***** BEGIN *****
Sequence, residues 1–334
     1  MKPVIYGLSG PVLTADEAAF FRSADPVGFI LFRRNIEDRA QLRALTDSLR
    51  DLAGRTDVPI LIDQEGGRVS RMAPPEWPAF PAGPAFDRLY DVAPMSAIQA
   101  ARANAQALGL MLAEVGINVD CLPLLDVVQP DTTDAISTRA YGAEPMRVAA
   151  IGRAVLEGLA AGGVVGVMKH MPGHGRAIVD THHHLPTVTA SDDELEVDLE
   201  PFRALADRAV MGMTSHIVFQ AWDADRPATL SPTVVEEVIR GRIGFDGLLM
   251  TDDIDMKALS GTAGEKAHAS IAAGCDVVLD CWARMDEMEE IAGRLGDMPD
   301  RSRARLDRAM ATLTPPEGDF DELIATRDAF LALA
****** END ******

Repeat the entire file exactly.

Sequence, residues 1–334
     1  MKPVIYGLSG PVLTADEAAF FRSADPVGFI LFRRNIEDRA QLRALTDSLR
    51  DLAGRTDVPI LIDQEGGRVS RMAPPEWPAF PAGPAFDRLY DVAPMSAIQA
   101  ARANAQALGL MLAEVGINVD CLPLLDVVQP DTTDAISTRA YGAEPMRVAA
   151  IGRAVLEGLA AGGVVGVMKH MPGHGRAIVD THHHLPTVTA SDDELEVDLE
   201  PFRALADRAV MGMTSHIVFQ AWDADRPATL SPTVVEEVIR GRIGFDGLLM
   251  TDDIDMKALS GTAGEKAHAS IAAGCDVVLD CWARMDEMEE IAGRLGDMPD
   301  RSRARLDRAM ATLTPPEGDF DELIATRDAF LALA